Since Thrust = F_ground, if V_ground > V_wind, then P_wheel > P_prop. Like the first case, that's what it needs to be to overcome transmission losses and the vehicle wind drag.

So, it seems counter-intuitive, but unless I've made a mistake somewhere, it looks like it should work. Maybe there is something to what the propenents have been saying, that the differential velocities are the source of energy, and why this isn't a perpetual motion machine. As the diagrams show, if there's no wind at all, then the vehicle doesn't run.


The Treadmill Experiment

An early proof of concept experiment that made its rounds on the Internet was to put one of these carts on a treadmill and see what happened. The video is included in the links I gave at the start of this entry, but I'll embed it here to make it easier for you.

The treadmill experiment prompted two big questions - is it representative of a cart moving downwind over the ground, and does it demonstrate the validity of the DWFTTW concept?

The answer to the first question is a clear yes. The treadmill is an equivalent reference frame. That's how wind tunnels work – it's all about relative velocities. If a treadmill is moving at a steady 10 mph in still air, it's the same as the ground being stationary with a steady 10 mph wind.

Consider this. The Earth's surface is not stationary itself. Given a circumference of approximately 25,000 miles, and a rotation period of 24 hours, the ground is moving at just over 1000 mph at the equator (and that's ignoring the Earth's motion around the Sun, the Sun's motion around the Milky Way, and the Milky Way's motion about the local galactic cluster). In other words, the Earth could be considered a giant treadmill. But we can safely neglect that if we use a frame of reference that moves along with the earth. It's the same thing with the treadmill. As long as all the relative velocities are equivalent, then your reference frames are equivalent.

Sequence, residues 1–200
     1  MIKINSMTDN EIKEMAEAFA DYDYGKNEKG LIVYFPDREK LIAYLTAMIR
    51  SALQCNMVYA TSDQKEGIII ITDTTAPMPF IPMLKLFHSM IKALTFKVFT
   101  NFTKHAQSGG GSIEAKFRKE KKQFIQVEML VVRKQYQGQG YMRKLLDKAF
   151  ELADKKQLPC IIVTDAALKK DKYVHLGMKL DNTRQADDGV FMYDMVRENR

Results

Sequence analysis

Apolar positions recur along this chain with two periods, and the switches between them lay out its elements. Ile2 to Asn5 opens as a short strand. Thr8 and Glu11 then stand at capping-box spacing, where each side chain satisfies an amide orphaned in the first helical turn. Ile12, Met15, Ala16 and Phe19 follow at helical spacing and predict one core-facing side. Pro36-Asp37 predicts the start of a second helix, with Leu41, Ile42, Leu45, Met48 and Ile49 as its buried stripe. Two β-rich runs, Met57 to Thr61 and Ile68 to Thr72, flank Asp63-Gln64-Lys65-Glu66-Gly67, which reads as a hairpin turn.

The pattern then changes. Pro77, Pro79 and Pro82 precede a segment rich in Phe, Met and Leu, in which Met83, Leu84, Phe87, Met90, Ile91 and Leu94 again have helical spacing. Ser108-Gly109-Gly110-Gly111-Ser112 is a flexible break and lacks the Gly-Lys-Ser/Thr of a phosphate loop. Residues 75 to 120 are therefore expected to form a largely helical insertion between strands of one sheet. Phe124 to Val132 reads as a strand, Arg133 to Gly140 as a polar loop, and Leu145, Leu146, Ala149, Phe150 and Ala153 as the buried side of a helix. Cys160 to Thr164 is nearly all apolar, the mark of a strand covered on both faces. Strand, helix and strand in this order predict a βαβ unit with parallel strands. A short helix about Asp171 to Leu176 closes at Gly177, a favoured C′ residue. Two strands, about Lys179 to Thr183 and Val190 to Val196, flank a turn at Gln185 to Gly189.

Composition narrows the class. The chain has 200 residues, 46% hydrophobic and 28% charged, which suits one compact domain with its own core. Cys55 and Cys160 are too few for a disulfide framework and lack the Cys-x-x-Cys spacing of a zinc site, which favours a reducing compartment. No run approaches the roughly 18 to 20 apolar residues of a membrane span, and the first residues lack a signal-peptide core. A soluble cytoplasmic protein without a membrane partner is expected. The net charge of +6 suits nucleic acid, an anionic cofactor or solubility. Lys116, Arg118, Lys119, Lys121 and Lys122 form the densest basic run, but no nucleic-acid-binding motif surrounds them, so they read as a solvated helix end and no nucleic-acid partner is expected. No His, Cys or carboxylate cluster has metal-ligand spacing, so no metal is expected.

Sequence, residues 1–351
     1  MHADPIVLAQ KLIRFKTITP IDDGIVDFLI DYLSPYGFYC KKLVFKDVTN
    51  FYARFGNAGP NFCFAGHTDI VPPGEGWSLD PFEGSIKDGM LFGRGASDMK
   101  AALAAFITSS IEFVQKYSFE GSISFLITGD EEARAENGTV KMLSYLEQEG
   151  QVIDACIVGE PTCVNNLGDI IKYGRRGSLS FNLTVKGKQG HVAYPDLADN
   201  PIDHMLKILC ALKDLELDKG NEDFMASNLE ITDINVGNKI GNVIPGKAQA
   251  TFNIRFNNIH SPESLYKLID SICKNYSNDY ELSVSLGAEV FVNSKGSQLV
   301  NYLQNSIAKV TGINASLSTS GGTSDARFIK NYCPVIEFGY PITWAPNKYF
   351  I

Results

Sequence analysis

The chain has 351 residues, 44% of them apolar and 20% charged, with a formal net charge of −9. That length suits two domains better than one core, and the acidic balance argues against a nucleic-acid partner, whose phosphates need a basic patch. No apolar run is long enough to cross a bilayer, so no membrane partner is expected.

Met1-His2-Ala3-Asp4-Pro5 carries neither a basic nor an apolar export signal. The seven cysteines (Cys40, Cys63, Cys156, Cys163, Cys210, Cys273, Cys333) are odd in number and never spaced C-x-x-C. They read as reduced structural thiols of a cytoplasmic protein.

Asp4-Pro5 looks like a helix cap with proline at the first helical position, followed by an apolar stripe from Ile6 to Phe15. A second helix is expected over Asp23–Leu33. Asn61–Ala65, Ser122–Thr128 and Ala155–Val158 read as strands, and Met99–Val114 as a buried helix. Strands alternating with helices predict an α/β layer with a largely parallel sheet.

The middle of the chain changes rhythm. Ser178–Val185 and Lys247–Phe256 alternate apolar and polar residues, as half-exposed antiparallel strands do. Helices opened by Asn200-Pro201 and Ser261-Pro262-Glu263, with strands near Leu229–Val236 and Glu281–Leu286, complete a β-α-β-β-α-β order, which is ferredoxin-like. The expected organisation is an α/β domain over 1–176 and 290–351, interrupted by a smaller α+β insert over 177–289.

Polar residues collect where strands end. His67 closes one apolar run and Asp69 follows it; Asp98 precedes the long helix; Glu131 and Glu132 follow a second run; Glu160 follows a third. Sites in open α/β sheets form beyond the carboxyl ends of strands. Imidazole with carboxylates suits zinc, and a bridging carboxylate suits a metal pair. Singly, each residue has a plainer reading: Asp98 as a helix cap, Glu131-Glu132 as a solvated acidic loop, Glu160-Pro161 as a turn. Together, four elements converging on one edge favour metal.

But, did the experiments in the video demonstrate the validity of DWFTTW? I think the answer is yes to that as well, but I also have an idea for another experiment.

My initial skeptical thought was that by physically holding the cart stationary on the treadmill before releasing it, they were storing energy by spinning up the propeller on the cart. When they released the cart, it would surge forward using that stored energy. It's just like a toy helicopter where you pull a string to make it take off. There's nothing surprising about that.